Hyundai turns an eight-seater van into a 402-hp drift machine
21 October 2019 - Autoblog
The list of modifications made to the iMax is extensive
Hyundai's go-fast N division followed up on the 275-horsepower Veloster N by turning a homely, people-carrying van into a professional drift machine. The conversion was carried out by the South Korean firm's Australian division, and it was built to hit the track.
Don't worry if you didn't realize Hyundai makes a van in the first place; the model isn't available in the United States. Called iMax, it's about the same size as a Mercedes-Benz Metris, and it's offered in both people-carrying and cargo-hauling configurations in dozens of global markets. It's these bones that Hyundai selected to build a vehicle for competitive drifting. The list of modifications is extensive.
Mechanics sent the iMax's 2.5-liter turbodiesel four-cylinder back to the parts bin and replaced it with a 3.5-liter V6 twin-turbocharged engine to make 402 horsepower and 409 pound-feet of torque. It spins the rear wheels via an eight-speed automatic transmission. Hyundai hasn't released photos of the engine bay, so we don't know what kind of crafty fabrication work it took to shoehorn a V6 in the iMax's rather tight space.
Builders then turned their attention to the chassis, which is normally configured to haul plywood, not to haul you-know-what. The iMax received an electronically-controlled suspension that keeps the copious body roll in check, and, significantly, bigger brakes on both axles. The end result is a commercial vehicle that takes under 5 seconds to reach 60 mph from a stop, and that boasts 50/50 weight distribution — with eight passengers on-board, that is.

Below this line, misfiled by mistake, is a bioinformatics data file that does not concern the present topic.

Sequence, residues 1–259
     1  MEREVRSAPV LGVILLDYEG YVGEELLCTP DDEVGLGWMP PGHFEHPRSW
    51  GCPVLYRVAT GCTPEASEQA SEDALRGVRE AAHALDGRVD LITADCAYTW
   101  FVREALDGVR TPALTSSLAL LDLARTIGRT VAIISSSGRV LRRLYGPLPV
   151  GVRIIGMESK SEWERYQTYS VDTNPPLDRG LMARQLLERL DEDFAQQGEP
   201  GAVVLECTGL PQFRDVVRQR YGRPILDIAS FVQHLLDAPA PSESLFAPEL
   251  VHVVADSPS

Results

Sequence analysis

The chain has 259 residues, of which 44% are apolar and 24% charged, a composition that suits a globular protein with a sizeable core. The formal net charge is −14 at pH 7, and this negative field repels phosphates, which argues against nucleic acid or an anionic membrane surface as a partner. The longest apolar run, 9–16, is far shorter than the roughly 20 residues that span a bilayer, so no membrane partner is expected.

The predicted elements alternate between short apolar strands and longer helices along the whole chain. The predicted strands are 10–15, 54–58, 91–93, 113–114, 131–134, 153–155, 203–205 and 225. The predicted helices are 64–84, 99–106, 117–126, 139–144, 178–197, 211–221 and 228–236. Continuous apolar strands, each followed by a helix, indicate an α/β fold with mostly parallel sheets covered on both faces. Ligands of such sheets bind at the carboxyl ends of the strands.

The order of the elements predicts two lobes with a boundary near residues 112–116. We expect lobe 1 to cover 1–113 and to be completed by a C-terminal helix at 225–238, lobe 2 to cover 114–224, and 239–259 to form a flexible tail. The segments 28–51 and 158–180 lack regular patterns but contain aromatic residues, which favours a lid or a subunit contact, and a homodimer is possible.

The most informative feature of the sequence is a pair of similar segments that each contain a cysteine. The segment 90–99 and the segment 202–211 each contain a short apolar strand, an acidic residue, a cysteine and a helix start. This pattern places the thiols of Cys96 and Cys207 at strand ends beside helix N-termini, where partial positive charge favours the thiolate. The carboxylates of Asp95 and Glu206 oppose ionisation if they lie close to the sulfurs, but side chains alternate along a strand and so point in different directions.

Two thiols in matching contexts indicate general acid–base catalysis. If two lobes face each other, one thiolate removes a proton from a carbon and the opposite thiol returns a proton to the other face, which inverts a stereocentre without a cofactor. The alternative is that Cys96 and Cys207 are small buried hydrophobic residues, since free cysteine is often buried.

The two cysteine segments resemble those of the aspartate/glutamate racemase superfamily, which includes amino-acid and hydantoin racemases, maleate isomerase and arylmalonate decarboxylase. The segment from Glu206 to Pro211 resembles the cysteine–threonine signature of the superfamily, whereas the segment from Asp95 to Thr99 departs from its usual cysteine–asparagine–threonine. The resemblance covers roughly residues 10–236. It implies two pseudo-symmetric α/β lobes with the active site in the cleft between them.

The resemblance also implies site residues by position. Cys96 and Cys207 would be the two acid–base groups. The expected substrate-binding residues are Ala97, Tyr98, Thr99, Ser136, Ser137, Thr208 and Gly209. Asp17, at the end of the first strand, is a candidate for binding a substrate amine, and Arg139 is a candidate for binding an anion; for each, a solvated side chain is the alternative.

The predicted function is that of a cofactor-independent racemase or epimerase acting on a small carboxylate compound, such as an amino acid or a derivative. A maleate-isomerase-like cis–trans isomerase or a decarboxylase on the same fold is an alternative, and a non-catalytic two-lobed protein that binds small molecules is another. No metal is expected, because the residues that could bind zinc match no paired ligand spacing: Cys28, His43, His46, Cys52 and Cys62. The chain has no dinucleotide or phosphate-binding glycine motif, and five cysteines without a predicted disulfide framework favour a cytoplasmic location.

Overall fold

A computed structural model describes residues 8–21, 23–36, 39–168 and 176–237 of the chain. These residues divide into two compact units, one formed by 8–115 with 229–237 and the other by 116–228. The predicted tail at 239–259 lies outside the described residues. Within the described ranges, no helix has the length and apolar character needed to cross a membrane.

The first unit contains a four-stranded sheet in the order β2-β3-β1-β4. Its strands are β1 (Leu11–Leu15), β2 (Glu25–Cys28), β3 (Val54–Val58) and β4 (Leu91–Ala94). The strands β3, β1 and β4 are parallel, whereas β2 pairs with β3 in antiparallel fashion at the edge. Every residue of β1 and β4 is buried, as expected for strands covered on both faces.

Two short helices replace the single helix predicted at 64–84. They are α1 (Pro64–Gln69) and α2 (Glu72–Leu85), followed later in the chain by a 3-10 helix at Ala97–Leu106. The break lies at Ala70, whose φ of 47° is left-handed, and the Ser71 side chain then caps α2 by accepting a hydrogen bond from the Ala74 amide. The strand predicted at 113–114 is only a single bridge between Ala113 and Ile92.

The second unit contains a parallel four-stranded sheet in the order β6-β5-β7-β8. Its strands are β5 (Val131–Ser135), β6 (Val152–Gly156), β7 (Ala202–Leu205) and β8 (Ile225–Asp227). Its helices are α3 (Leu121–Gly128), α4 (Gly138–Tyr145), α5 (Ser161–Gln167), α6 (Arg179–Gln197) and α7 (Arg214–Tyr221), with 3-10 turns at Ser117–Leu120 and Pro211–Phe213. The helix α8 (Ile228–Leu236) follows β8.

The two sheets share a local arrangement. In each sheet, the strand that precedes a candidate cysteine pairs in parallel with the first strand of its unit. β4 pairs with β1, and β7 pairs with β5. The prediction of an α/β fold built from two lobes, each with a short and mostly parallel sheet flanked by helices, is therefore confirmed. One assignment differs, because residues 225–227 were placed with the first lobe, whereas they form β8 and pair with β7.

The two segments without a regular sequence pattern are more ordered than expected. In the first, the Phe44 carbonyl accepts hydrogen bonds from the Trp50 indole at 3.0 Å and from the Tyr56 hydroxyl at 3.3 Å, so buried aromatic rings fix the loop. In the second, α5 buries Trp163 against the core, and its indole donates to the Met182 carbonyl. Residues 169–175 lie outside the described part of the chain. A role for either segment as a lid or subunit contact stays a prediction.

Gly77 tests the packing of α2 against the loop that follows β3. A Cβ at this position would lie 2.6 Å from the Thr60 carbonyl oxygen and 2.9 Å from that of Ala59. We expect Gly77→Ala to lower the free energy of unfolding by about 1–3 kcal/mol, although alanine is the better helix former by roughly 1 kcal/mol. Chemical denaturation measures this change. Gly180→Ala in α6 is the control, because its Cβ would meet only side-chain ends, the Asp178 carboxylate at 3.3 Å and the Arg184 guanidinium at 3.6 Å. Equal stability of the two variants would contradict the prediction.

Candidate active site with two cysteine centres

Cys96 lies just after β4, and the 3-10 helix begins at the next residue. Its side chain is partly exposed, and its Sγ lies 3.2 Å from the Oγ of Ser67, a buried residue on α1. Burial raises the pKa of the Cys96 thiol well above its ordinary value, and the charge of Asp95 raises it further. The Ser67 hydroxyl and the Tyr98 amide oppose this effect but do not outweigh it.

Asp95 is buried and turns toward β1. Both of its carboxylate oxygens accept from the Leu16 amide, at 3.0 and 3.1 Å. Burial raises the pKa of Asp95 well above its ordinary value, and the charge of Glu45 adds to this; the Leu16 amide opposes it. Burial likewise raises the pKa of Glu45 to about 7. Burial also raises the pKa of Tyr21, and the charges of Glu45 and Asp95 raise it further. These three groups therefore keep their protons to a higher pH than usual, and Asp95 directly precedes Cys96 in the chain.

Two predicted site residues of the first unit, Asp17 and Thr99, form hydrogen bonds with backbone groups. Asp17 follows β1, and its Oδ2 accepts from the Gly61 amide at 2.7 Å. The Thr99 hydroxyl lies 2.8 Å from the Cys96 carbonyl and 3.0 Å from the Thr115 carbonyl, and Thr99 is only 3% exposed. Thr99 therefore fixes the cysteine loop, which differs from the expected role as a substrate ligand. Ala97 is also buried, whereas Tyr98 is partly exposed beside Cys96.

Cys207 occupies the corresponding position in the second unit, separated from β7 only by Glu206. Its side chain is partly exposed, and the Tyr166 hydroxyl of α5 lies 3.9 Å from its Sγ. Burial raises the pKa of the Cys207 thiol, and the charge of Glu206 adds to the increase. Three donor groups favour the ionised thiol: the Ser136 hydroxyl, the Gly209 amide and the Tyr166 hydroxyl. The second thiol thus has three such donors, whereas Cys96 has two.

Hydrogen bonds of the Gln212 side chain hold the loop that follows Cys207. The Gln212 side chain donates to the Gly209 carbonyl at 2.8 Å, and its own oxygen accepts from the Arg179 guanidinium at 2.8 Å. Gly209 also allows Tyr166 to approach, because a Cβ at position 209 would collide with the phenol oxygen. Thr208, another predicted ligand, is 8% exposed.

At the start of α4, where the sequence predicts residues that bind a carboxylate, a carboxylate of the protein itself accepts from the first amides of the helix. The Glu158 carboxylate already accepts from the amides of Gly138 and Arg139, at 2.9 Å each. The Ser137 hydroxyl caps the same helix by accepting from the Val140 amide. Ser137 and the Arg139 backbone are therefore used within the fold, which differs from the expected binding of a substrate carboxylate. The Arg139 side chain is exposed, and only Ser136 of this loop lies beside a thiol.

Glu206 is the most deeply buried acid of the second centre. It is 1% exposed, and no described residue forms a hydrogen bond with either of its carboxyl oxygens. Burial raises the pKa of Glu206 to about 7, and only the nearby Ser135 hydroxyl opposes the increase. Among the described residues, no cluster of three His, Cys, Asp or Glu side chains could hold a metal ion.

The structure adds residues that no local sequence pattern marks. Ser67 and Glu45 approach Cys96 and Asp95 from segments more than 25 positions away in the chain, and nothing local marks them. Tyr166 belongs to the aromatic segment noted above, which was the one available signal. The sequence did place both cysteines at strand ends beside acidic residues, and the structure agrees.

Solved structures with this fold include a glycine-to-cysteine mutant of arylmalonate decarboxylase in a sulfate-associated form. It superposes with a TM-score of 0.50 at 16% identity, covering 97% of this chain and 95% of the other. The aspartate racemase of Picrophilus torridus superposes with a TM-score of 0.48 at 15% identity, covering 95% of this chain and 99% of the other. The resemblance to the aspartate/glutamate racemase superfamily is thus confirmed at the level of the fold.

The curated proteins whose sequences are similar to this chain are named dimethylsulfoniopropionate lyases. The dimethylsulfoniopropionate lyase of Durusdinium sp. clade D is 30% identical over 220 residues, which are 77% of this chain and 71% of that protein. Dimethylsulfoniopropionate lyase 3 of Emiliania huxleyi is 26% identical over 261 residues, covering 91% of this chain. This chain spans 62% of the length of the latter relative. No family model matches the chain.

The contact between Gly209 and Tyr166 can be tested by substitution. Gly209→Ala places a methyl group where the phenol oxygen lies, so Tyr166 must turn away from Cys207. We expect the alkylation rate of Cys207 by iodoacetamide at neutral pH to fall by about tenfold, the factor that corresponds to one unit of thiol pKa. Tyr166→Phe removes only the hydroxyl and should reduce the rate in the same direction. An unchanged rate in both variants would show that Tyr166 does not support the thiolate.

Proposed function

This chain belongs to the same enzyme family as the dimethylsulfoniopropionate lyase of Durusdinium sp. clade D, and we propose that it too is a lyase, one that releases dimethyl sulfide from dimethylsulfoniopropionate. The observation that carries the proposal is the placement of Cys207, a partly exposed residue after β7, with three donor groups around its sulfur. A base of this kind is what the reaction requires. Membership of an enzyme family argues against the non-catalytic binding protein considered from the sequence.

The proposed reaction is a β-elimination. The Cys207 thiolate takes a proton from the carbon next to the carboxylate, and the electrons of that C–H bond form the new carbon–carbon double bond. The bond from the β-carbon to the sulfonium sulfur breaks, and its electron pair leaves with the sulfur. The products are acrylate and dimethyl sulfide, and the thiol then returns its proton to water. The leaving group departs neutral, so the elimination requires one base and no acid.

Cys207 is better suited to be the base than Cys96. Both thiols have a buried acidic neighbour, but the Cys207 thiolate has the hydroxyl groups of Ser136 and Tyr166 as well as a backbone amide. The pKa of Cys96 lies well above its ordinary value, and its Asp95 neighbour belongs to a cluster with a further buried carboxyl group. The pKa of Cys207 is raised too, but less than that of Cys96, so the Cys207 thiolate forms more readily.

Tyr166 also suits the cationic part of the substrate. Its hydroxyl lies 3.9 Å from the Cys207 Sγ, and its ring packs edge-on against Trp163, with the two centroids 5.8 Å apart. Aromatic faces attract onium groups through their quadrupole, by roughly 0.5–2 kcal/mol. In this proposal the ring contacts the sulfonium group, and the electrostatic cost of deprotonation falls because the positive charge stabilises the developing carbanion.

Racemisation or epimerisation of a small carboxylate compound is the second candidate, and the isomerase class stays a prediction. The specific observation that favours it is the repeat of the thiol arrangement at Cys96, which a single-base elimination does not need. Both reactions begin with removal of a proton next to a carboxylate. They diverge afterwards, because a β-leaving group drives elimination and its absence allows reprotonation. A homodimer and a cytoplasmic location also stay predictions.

Hyundai could have caught enthusiasts by surprise if it had left the van stock; imagine it painted white, fitted with unpainted bumpers, and dropped on standard steel wheels. Instead, it applied a coat of N Performance Blue paint, added 19-inch alloys from the i30 N sold overseas, and installed a custom-made body kit that adds a front splitter, side skirts, a roof-mounted spoiler and a rear diffuser. The interior gained a new steering wheel, and N Sport seats for the front passengers.
Enthusiasts curious to see a minibus take a corner sideways will get the chance to check out the Drift Bus in action during the World Time Attack challenge that started today, Oct. 18, in Sydney, Australia. The van will participate in the Clubsprint Class, in the Flying 500, and in the Drifting Cup. As for what comes next, don't expect to see anything like it in showrooms. Hyundai N is working on adding more high-performance models to its range, but a rear-wheel drive van isn't one of them.